The days might soon be over for the basing of non-UK-registered general aviation aircraft in the UK. The country’s Department for Transportation (DFT) is considering a plan to prohibit non-commercial foreign-registered aircraft from being permanently based in Britain. A comment period on the plan is expected shortly.
Those who operate N-registered business aircraft in Europe know how well off we are in the U.S. Aside from a multitude of flight information regions under the jurisdiction of different countries, Eurocontrol charges and airport restrictions, there is simply a different attitude toward business aviation in Europe compared with the U.S.
The number of accidents in all segments of civil aviation last year was less than in 2005, according to the NTSB, with general aviation recording the lowest number of accidents in the 40 years of record keeping. Major airlines continued to have the lowest accident rates in civil aviation. The number of air-taxi accidents has been steadily decreasing over the past 10 years, while the hours flown by these air carriers has increased steadily.
Although the FAA has finally acquiesced to allowing commercial pilots to fly past their 60th birthday, a group of legislators has introduced a bill that would move the process along at what passes for “warp speed” in Congress.
A prominent moment of the 2003 International Operators Conference in Colorado Springs occurred just after the first day’s sessions. With dozens of pilots and aviation department managers standing around a nearby television, President Bush warned Saddam Hussein that the Americans and their allies were on the way. The war in Iraq erupted soon afterwards.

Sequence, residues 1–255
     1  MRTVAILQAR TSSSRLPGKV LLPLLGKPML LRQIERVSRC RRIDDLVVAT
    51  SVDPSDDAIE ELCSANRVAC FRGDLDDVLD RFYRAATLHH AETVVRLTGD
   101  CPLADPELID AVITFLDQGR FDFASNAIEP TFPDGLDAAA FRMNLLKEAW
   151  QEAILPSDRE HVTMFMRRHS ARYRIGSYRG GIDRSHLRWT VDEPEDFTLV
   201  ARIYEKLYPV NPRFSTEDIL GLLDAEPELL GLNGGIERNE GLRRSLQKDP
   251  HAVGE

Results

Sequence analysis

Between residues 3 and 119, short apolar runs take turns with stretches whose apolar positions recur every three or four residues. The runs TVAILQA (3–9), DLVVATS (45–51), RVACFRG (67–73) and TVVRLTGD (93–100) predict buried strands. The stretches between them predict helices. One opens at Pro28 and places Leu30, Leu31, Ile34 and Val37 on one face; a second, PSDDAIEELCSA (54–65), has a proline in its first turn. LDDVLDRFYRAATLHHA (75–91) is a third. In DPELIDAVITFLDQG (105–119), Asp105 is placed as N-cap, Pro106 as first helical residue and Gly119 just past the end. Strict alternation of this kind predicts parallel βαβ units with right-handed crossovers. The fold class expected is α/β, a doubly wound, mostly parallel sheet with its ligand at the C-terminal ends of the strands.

The International Civil Aviation Organization (ICAO) assembly is expected to take action later this month on legal guidance for member states to protect safety-data-
collection systems while allowing for proper administration of justice.
The guidance would help nations protect from unwarranted use information collected under systems such as flight operational quality assurance programs and line operations safety audit programs.
To borrow the term “caveat emptor” (Latin for “let the buyer beware”) and mangle it only a bit, flight crews of aircraft that require two pilots should be aware that in some countries both of those pilots need to be type rated in that particular airplane.
The number of accidents in all segments of civil aviation last year was less than in 2005, according to the NTSB, with general aviation having the lowest number of accidents in 40 years of record keeping. Major airlines continued to have the lowest accident rates in civil aviation. Last year, on-demand Part 135 operators had 54 accidents, down almost 20 percent from 2005, with 10 of those accidents resulting in 16 fatalities.
When the ICAO Assembly meets in Montreal late this month, the International Business Aircraft Council (IBAC) will propose standardization of international regulations governing fractional ownership operations. At present, the U.S.
The European Commission is seeking industry comment on the current state of general aviation in Europe, and on issues affecting its future. The 35-page discussion paper published on February 1 summarizes previously disclosed data showing business aviation to be a growing sector within general aviation and estimates that the continent’s business jet fleet could grow by 50 percent over the next decade to reach some 3,000 aircraft.